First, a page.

The war against plastics in the environment is growing, and is increasingly important – and those discussions on plastic straws and disposable bags are only the tip of a growing iceberg of concern.
But back in June, two political things oddly happened in very quick succession on the plastics front. On June 20, Philadelphia City Councilman Mark Squilla introduced a bill that proposed an outright ban on lightweight single-use plastic bags and non-recyclable paper bags, and put a 15-cent fee on recyclable paper bags and thicker plastic bags. It’s the fourth time in 12 years Philadelphia has attempted to address this issue. The councilman was confident that this time he had the votes to pass this landmark bill.
Only eight days later, however, the state Legislature passed its own bill – that Gov. Tom Wolf quickly and surprisingly signed – stopping municipalities from passing laws just like this, for at least a year anyway. This move ostensibly allows the state to study the economics of the issue – what will happen to small businesses when disposable plastic bags are outlawed or taxed?
When the year expires, I hope the good councilman will re-introduce his legislation, and I hope it enjoys the support of others on council, including our own Curtis Jones.
Meanwhile, the backlash against single-use plastics continues. Forbes magazine reports that 349 states and municipalities have banned or taxed these bags, including the borough of Narberth across the Schuylkill River, which placed a surcharge on single-use bags before the state could deny it that ability. California became the first state to impose such a ban back in 2016, with Hawaii and New York following suit (and New York’s doesn’t go into effect until next year).
The United Nations reports that some 127 countries have regulated plastic bags, including Ireland – that country’s single-use plastic bag tax led to 90% of consumers switching to permanent shopping bags within a year. (I don’t think it ended civilization as we know it.) The District of Columbia started requiring businesses that sell food or alcohol to charge a 5-cent fee for paper and plastic bags a full 10 years ago, which led to most businesses reducing their disposable bag count by 50%.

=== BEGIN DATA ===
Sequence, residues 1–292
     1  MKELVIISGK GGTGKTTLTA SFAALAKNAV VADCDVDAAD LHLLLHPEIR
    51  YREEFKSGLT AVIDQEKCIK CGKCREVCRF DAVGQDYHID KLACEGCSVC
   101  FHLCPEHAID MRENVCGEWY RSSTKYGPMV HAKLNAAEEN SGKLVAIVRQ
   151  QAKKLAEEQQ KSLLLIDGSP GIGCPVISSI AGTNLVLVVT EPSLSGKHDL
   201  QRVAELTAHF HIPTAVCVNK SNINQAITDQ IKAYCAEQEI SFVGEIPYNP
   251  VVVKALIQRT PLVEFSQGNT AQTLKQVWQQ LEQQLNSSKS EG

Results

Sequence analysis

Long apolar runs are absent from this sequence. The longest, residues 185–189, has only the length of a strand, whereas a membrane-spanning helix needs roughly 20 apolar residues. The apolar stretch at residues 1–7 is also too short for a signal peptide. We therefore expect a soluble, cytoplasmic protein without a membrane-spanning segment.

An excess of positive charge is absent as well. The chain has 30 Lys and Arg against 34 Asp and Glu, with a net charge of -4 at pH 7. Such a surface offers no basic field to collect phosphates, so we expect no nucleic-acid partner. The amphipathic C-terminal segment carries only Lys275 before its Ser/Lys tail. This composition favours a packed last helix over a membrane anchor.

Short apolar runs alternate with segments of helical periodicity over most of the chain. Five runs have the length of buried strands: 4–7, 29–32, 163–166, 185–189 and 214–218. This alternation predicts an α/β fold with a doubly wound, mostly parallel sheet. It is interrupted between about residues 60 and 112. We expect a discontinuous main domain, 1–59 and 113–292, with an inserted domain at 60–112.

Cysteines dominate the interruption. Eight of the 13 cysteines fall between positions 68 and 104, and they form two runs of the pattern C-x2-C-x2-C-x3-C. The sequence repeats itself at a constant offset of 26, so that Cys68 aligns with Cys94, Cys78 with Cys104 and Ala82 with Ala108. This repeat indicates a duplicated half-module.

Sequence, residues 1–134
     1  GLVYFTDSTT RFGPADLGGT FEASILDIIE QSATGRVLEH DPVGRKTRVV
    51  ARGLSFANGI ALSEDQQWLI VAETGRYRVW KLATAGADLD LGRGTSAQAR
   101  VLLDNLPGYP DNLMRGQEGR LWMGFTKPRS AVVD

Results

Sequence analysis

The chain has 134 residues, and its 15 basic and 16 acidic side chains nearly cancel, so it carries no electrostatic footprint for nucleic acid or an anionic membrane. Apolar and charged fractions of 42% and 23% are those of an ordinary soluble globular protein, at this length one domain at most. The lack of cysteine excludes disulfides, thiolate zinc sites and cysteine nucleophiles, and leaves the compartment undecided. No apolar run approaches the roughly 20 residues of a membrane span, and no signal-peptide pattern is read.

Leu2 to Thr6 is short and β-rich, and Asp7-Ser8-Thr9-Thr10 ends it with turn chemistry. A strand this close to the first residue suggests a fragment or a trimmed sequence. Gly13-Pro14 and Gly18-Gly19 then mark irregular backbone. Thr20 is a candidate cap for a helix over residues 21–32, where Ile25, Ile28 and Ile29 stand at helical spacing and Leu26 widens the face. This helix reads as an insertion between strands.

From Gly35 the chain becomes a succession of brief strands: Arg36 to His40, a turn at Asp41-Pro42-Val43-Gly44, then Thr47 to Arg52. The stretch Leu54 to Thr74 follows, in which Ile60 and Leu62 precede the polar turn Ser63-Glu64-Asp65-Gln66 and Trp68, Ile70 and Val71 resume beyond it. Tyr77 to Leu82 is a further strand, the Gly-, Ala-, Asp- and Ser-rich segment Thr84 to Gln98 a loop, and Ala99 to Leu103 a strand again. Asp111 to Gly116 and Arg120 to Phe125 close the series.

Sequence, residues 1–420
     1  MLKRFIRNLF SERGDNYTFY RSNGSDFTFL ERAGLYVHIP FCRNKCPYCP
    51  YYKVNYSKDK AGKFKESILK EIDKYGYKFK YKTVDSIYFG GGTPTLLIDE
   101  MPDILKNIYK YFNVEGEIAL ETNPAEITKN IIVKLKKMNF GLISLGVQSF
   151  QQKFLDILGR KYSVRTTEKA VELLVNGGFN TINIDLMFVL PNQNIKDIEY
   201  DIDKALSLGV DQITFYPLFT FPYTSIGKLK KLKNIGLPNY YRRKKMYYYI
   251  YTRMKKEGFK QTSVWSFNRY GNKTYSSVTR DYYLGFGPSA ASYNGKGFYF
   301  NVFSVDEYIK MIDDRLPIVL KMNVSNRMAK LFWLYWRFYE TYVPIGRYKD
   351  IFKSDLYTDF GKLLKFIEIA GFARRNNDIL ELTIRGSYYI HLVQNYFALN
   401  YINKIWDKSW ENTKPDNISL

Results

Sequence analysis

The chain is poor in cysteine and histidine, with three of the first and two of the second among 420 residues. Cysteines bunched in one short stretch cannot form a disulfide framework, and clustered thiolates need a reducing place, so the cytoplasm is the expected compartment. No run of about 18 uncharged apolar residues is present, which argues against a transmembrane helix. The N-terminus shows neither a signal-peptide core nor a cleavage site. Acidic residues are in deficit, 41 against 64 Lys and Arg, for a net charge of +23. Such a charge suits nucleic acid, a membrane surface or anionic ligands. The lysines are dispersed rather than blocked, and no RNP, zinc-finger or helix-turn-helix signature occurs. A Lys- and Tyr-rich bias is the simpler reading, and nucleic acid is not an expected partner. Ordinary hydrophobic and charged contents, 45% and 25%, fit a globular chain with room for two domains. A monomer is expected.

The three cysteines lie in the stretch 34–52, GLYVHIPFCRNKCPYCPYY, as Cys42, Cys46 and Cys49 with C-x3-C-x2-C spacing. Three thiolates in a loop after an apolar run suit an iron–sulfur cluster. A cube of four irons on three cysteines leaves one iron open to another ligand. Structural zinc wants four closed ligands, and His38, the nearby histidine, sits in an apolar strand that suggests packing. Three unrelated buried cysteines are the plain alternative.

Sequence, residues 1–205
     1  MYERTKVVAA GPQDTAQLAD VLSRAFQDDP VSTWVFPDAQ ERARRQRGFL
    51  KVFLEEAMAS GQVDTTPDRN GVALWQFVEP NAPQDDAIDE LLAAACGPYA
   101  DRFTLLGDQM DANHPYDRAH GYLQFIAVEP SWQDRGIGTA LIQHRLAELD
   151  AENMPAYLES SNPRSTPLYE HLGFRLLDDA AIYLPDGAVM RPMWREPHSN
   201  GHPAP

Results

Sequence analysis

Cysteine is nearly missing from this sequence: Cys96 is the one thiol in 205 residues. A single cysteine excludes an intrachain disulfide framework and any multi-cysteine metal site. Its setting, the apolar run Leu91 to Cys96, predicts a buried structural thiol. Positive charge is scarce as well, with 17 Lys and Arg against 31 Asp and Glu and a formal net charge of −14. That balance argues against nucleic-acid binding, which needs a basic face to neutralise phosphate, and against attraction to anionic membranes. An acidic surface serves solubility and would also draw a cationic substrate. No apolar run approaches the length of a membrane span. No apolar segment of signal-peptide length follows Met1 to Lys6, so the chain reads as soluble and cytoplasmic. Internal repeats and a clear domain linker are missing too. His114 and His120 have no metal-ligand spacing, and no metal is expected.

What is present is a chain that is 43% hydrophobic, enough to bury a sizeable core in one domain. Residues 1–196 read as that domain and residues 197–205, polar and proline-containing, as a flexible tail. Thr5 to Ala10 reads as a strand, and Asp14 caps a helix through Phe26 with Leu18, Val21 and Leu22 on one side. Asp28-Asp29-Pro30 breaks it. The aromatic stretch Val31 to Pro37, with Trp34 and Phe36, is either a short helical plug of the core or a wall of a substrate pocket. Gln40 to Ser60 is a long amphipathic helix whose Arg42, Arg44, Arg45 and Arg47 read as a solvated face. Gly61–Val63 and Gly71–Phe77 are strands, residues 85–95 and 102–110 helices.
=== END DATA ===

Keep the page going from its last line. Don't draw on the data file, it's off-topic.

But the plastics battle is about much more than single-use disposable bags, which do contribute to litter and are a visual eyesore, and do clog storm drains, exacerbating flooding. The plastics battles is about more than disposable straws as well.
The real battle is microplastics, which are only just starting to gain the much-deserved attention of the world’s press.
It turns out our synthetic clothing sheds hundreds if not thousands of microfibers when we wash and dry our laundry, fibers so small they pass through treatment systems and into our water, ending up in streams, rivers, and the ocean. One study offered that each garment in a load of laundry can shed almost 2,000 fibers of microplastics, with fleeces releasing the highest percentage of fibers, over 170% more than other garments.
And the cosmetic industry loads skin care products like soap, exfoliants, toothpaste and facial cream with thousands of plastic microbeads, the plastics replacing once-natural products that used to decompose quickly. These plastics decompose far, far more slowly.
Another study found that microplastics even fall from the sky – small particles are drifting like snow or fallout in the atmosphere.
A recent review published in August collated 50 studies wherein scientists found microplastics in freshwater, drinking water, and wastewater. Some of these studies counted thousands of microplastic particles in every liter of drinking water. “Theoretically,” wrote the authors, “if a person consumes them, some microplastics are small enough to pass through the gut wall and enter the circulatory system. Whether or not this happens, and whether or not it impacts human health, remains unknown.”
European researchers, looking at a very small sample size, found microplastics in the stool of 100% of the people they tested. All of them. The good news, they offered, is that microplastics were being excreted. What is completely unclear at this point is how many microplastics we might be retaining, and what the health impacts might be. Right now the World Health Organization urges caution on jumping to a conclusion, and says more study is needed.
Meanwhile, microplastics are piling up in the ocean, both from runoff from cities and from the physical breakdown of larger pieces of plastic tossed into the ocean. Microplastics have been found in 100% of the guts of sea turtles, for example. And in 2016, the World Economic Forum warned that there may be more plastic than fish in the ocean by weight by 2050-- unless we take significant action.
Pause for a moment and read that last sentence again. More plastic in the ocean than fish.
So a possible ban on plastic straws and shopping bags is the tip of a much larger, much more important iceberg, a reordering of manufacturing to keep plastic contamination out of ecosystems like rivers and oceans-- and our bodies.
But let’s start with the easy stuff, and slow the amount of single-use plastics we dispose of into the environment. It’s the least we can do.